CHALLENGE OF THE WEEK See Answer to January 22nd Following Question Amit Noheria, MBBS, SM A 51-year-old woman with asthma and recurrent palpitations for one and half year presented to Emergency Department in wide complex tachycardia and was electrically cardioverted. In the electrophysiology laboratory, both wide complex and narrow complex tachycardias were inducible with programmed electric stimu- lation. What can be surmised about the tachycardia shown in Figure based on the transition that occurred during manipulation of the mapping/ablation catheter across the tricuspid valve? Figure. Twelve-lead electrocardiogram and intracardiac electrograms (recorded at 100 mm/s) showing the transition from wide-complex to narrow-complex tachycardia. ABL indicates ablation/mapping; CS, coronary sinus; d, distal; m, mid; p, proximal; and RVa, right ventricular apex. Answer Options A. Dual tachycardia is present: ventricular tachycardia and supraventricular tachycardia B. Dual tachycardia is present: antidromic reentry tachycardia (using atriofas- cicular/nodofascicular tract) and atrioventricular nodal reentry tachycardia Circ Arrhythm Electrophysiol C. Accessory pathway (atriofascicular/nodofascicular) is not participatory in the is available at http://circep. tachycardia ahajournals.org. D. There is atrial tachycardia with bystander atriofascicular/nodofascicular tract © 2018 American Heart E. There is atrioventricular nodal reentry tachycardia with bystander atriofas- Association, Inc. cicular/nodofascicular tract Circ Arrhythm Electrophysiol. 2018;11:e006206. DOI: 10.1161/CIRCEP.118.006206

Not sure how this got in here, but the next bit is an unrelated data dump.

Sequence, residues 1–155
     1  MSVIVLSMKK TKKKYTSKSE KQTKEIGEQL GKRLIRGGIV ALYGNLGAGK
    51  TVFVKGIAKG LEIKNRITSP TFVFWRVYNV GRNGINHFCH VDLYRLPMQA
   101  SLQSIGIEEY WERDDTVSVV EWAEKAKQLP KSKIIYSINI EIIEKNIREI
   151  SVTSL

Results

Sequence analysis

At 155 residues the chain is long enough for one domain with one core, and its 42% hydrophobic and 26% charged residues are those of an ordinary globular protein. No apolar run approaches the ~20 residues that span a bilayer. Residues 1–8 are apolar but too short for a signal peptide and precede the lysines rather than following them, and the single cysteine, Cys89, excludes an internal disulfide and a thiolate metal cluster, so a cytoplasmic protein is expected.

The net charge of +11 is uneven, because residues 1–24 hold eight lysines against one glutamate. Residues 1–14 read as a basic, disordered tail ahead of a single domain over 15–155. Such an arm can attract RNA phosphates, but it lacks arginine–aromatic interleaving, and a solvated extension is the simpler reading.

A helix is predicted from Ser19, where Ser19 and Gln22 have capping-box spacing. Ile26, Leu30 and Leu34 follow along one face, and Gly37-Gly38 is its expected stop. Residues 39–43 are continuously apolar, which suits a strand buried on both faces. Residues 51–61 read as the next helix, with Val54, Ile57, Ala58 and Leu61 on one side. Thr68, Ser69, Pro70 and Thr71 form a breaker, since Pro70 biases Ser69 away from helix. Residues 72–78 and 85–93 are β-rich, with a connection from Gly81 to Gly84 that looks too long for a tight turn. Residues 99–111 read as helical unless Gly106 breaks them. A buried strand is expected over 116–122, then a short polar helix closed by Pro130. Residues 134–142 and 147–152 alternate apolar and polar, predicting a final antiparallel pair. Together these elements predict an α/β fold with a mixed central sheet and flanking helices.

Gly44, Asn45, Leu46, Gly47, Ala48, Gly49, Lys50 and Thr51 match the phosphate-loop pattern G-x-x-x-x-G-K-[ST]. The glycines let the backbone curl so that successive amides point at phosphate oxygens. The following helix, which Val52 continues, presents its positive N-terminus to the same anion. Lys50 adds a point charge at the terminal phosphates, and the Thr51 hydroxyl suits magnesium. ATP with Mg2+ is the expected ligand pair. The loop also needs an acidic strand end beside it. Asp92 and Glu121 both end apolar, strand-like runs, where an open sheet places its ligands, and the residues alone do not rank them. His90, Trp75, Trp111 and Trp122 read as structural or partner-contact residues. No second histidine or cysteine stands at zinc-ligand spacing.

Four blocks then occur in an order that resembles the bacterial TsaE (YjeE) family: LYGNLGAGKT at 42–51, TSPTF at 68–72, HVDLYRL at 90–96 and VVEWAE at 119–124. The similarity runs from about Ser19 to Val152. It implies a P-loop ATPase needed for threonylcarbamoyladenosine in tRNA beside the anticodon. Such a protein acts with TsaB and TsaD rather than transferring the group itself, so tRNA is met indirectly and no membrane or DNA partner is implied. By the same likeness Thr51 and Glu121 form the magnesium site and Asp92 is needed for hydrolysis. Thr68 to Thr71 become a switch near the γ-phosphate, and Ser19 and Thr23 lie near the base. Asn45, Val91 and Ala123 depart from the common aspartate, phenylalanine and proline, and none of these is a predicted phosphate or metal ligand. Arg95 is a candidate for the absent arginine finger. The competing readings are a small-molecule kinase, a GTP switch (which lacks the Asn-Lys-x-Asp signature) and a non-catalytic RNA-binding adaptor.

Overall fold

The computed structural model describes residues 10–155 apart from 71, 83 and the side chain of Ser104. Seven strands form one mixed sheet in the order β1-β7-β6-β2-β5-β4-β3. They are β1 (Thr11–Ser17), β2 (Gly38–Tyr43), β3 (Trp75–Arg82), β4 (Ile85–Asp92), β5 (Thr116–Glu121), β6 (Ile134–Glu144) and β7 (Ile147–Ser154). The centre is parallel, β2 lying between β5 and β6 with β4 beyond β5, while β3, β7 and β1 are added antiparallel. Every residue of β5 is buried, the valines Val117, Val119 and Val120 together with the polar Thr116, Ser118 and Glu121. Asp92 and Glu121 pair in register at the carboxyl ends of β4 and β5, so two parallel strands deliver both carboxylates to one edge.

Circulation: Arrhythmia & Electrophysiology – Wolters Kluwer Health
Published: Feb 1, 2018
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